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Cover letters are an important tool for securing more interviews in your job search. This letter allows job applicants to briefly communicate skills and experience to hiring managers. Managers have limited time to review resume materials. A cover letter that catches the manager’s eye will entice him to learn more about you. Having a template for creating a cover letter allows you to create this document for free.
State the position you’re applying for with the company. Managers hiring for several different positions don’t have time to guess. This information will be appreciated and allow the hiring manager to focus on the content of your cover letter (instead of figuring out which position you want). Also, state where you heard about the position. For example, you might say you were excited to learn of the company’s need for an accountant in the community newspaper.
Highlight your background and experience. Read the job description and make a list of the desired skills. Write about your experience and abilities as they apply to each of the job's desired skills.
Discuss information the hiring manager requested. For example, if ad asks for a salary history, briefly discuss this information. You might want to list a salary history range instead of exact numbers (so you don’t get taken out of the running too soon).
Create a "call to action" section. This section should compel the hiring manager to call you for an interview. Briefly highlight why you’re a good fit for the position. When writing the call to action, think from the employer's point of view (avoid statements that are self serving). Include the best method for contacting you and thank the manager for her time.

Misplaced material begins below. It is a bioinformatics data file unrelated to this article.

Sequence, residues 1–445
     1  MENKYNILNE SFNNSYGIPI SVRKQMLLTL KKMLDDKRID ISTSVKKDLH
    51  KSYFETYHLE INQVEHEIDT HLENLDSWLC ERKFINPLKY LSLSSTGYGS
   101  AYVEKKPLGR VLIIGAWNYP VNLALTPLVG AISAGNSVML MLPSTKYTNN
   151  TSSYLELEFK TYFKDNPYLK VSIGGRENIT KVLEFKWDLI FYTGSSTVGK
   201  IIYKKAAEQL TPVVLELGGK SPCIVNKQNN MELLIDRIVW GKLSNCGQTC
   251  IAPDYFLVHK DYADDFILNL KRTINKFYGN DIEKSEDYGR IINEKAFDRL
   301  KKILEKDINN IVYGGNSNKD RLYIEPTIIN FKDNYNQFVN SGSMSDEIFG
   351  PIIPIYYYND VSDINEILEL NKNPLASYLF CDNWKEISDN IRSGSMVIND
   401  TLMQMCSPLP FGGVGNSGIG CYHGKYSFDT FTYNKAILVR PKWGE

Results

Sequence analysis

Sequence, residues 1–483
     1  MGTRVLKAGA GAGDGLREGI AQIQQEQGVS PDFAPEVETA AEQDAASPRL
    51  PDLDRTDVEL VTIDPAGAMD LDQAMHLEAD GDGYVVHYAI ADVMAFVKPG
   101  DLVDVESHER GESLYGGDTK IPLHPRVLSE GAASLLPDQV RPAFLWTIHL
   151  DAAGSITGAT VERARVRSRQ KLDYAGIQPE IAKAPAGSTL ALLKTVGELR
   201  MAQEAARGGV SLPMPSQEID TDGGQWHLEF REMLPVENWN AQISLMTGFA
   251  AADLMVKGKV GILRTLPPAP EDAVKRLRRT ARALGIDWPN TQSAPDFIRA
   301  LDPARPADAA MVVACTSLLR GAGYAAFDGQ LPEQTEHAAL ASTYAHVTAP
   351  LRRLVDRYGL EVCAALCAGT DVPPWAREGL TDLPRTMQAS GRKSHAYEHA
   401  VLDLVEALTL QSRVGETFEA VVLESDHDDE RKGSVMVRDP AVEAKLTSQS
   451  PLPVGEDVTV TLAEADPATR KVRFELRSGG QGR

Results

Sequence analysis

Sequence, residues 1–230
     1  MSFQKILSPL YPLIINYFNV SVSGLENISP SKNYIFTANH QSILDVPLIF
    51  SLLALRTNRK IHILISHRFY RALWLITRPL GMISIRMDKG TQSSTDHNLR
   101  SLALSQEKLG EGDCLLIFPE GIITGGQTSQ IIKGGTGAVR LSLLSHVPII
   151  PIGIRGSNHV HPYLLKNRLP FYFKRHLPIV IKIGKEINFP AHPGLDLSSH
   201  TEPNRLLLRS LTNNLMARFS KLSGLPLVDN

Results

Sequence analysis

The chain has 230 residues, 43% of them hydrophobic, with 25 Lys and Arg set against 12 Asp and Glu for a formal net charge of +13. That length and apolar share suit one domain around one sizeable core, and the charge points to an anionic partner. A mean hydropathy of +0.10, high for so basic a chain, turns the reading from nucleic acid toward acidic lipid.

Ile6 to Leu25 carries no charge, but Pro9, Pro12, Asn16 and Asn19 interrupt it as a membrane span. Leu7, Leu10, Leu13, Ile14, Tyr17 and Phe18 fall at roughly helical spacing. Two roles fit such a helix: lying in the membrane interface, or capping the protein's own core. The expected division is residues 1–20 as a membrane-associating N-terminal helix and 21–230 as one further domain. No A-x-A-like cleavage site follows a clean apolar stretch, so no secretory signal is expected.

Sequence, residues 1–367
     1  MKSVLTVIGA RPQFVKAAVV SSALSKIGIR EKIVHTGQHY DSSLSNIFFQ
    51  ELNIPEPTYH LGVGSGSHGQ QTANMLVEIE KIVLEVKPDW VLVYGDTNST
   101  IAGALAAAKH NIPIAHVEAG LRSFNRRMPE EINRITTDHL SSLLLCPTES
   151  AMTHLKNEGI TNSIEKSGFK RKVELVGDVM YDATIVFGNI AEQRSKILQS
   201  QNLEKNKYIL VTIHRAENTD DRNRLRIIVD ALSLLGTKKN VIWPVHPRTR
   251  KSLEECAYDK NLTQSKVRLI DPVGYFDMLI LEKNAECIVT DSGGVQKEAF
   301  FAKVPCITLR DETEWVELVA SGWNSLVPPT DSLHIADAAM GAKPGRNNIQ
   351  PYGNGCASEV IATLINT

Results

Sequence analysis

When you discuss previous experience, use concrete examples. For example, while working for company ABC you raised sales 60 percent in a single quarter. Specific information is more likely to capture the hiring manager’s interest.
Don’t forget to customize your cover letter for each job opening. Overly generic cover letters may turn off hiring managers. Make sure to revise your resume with each job opening, too.
- When you discuss previous experience, use concrete examples. For example, while working for company ABC you raised sales 60 percent in a single quarter. Specific information is more likely to capture the hiring manager's interest.
- Don't forget to customize your cover letter for each job opening. Overly generic cover letters may turn off hiring managers. Make sure to revise your resume with each job opening, too.
Nicki Howell started her professional writing career in 2002, specializing in areas such as health, fitness and personal finance. She has been published at health care websites, such as HealthTree, and is a ghostwriter for a variety of small health care organizations. She earned a Bachelor of Science in business administration from Portland State University.